Why Did John McCain Lose the Latino Vote?

The massive movement of Latino voters to Obama has baffled some pundits and intrigued others. John McCain is arguably the most pro-immigrant Republican in the Senate and he took sometimes heroic stands in opposition to his own party's evolving anti-immigrantism. He was a frequent guest at Latino banquets and won awards from many major immigrant organizations.

Meanwhile, Barak Obama was clearly not the choice of Latinos during the primary season. I remember Obama's first test with this key demographic during the Nevada caucus. CNN televised a live caucus at a casino in which Hillary supporters were told to stand to the left and Obama backers took up the right. Almost all the Hillary fans were Latino. In primary after primary, Hillary considerably out-polled Obama among Latinos. Some commentators suggested that Hispanics had an antagonism towards African-Americans which precluded their support for a Black man.

So what happened to dash McCain's hopes of besting the 40% of the Latino vote that George Bush achieved?

Here are my ideas:

1. Some McCainiacs were sure that Latinos would not vote for a Black man. Liberals hoped that the same group would turn out for Obama as a ceiling-breaker, opening doors for non-White candidates. Both missed the way Latinos looked at Obama's ethnicity. Many Latinos did not see the election of Obama as an advance for all non-Whites. But they did come to identify with him as the son of someone who came from someplace else. Latinos have to often juggle the issue of having their hearts in two worlds. Obama's backstory, which seemed rootless to many conservatives, actually was similar to the lives of millions of Latinos, immigrant and native born. The Obamiad itself reminded them of their own stories.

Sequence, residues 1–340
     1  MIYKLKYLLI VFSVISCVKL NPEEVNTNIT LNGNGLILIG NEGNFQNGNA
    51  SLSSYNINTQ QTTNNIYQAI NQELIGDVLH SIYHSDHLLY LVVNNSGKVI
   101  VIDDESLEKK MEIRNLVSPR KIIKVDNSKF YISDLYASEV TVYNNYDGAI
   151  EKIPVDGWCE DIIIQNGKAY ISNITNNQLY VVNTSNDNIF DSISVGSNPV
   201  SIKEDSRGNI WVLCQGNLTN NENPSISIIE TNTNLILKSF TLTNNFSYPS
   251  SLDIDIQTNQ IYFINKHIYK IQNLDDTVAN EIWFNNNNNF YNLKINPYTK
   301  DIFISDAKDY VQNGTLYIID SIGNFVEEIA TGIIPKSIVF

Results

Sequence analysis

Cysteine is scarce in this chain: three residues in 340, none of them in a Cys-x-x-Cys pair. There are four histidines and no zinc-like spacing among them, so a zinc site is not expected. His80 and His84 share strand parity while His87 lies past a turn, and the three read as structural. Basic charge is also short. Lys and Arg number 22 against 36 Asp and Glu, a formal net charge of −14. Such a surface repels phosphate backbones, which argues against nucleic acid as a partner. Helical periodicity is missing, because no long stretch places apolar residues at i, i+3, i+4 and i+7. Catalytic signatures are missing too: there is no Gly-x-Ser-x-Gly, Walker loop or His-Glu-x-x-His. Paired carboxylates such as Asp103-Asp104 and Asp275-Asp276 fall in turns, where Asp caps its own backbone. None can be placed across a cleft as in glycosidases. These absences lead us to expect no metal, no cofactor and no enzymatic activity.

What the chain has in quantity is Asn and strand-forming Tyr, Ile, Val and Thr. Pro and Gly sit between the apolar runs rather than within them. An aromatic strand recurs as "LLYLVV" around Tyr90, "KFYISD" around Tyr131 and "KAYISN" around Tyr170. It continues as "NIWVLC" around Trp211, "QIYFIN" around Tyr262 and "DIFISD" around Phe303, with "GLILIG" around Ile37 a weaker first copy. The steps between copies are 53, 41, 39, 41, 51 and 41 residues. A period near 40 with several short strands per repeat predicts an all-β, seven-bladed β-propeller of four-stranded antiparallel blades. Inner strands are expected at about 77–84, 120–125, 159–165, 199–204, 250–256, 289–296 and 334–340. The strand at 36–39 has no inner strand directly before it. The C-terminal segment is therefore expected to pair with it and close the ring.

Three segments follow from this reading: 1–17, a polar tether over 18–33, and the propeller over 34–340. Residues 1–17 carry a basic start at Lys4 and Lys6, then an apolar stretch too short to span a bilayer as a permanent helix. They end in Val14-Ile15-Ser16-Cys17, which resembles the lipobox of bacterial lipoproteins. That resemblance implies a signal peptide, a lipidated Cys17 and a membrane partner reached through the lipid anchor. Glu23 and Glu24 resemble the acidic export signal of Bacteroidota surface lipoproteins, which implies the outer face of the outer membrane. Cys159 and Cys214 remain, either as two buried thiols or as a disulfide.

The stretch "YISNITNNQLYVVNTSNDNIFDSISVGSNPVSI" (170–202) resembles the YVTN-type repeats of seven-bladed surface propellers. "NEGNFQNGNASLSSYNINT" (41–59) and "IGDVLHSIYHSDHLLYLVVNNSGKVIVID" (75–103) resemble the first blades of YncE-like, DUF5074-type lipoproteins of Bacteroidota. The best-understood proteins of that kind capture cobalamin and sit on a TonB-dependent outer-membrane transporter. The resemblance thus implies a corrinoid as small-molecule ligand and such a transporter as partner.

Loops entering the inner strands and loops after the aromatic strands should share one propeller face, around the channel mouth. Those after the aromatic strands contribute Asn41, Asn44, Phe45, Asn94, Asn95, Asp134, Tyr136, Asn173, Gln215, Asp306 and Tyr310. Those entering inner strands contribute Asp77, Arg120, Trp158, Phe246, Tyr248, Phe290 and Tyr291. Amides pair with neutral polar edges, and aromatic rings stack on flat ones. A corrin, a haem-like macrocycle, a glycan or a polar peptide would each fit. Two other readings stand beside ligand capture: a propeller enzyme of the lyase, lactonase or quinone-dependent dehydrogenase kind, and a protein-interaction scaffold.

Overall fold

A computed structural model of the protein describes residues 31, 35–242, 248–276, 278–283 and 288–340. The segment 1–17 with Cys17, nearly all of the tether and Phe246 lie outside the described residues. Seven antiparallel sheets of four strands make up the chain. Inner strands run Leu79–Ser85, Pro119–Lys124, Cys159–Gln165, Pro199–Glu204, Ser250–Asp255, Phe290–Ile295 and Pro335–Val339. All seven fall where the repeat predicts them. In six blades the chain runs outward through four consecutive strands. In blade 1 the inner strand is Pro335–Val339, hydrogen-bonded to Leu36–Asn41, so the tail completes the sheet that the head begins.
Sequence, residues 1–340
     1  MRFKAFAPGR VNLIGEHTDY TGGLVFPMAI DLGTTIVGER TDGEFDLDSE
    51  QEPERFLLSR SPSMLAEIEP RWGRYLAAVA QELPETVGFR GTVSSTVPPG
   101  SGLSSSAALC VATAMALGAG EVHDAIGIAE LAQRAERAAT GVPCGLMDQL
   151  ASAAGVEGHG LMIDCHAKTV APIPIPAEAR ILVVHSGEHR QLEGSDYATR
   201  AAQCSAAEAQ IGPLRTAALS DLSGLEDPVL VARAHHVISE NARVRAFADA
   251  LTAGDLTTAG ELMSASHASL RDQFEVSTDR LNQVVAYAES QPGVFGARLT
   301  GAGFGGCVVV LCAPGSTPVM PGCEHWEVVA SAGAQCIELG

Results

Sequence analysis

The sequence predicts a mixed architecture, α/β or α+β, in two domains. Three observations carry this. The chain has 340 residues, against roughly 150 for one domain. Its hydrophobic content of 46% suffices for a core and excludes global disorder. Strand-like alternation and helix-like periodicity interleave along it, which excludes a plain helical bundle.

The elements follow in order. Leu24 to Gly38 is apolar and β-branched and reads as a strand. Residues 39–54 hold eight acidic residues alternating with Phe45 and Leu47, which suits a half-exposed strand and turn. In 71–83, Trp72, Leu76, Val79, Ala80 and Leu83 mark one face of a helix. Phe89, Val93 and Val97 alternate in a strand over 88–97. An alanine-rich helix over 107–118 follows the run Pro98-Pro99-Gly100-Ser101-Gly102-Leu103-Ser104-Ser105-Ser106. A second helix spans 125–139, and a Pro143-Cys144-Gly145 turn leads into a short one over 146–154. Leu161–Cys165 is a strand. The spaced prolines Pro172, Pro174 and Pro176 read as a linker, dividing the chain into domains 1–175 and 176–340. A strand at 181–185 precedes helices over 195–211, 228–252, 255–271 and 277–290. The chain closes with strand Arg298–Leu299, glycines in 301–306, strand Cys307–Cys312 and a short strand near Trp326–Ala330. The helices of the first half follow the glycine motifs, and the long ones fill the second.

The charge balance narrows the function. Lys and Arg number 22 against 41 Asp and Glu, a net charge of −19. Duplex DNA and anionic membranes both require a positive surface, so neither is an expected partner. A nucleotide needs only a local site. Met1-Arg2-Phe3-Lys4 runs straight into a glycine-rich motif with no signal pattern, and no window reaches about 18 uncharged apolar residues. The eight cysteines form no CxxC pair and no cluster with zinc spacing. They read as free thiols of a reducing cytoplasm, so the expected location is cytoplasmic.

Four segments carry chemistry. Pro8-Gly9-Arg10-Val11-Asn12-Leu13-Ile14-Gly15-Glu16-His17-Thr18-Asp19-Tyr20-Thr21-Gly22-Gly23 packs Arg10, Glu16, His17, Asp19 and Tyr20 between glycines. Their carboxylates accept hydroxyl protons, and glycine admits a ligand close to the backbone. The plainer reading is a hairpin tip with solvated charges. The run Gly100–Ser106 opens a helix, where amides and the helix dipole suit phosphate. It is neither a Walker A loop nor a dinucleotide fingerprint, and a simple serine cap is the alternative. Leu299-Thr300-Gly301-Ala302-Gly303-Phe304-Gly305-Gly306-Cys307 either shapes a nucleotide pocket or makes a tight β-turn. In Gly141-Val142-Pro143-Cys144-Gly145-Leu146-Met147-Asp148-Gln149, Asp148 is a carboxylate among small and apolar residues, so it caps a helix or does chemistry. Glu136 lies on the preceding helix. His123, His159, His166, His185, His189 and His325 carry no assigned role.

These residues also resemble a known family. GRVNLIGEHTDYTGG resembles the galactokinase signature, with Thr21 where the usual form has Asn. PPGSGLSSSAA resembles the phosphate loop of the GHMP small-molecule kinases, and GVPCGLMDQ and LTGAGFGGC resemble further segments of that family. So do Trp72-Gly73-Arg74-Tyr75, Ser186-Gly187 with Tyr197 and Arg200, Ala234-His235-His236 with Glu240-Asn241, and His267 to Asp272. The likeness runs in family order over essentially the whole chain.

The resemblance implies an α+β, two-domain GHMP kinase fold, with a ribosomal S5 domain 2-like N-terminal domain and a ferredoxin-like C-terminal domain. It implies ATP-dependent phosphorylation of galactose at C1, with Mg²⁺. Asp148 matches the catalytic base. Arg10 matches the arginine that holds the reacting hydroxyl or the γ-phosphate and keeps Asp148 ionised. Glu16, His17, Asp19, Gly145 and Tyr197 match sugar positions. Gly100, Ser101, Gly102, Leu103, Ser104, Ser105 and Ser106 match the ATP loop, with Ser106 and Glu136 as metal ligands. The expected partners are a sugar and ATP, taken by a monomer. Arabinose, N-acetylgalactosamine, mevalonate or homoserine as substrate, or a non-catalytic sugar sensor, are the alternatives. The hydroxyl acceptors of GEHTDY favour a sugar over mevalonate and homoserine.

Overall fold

2. The primaries were vicious and drawn out and Latinos did back Hil 60% to 40% but not for reasons of race. Bill clinton is incorrectly remembered by Latinos as "good on immigration" and correctly remembered as supporting democratization and development in Latin America. He was also extremely open to the Hispanic community. Hil got a lot of Bill's reflected glory in this community as well as credit from Latinas for her ground-breaking advocacy for women.

Latinos were not, bye and large, voting against Obama. They were supporting a family they viewed as their champions for more than a decade.

As the primaries went on, unlike many White Clintonians, Latinos did not become angry at Obama. They still voted against him, but they also got comfortable with the idea of him as president in a way they couldn't have had he wrapped the thing up in March. At the same time, the long primary season increased interest in voting tremendously in the Latino community as folks were convinced that their individual votes could really help determine who the next president was.

3. McCain's pro-immigrant stand hurt him with his base, but why didn't it help him with Latinos? How could a stand-up guy like hime do so much worse than Bush? Here, we have to look far beyond the four corners of this campaign.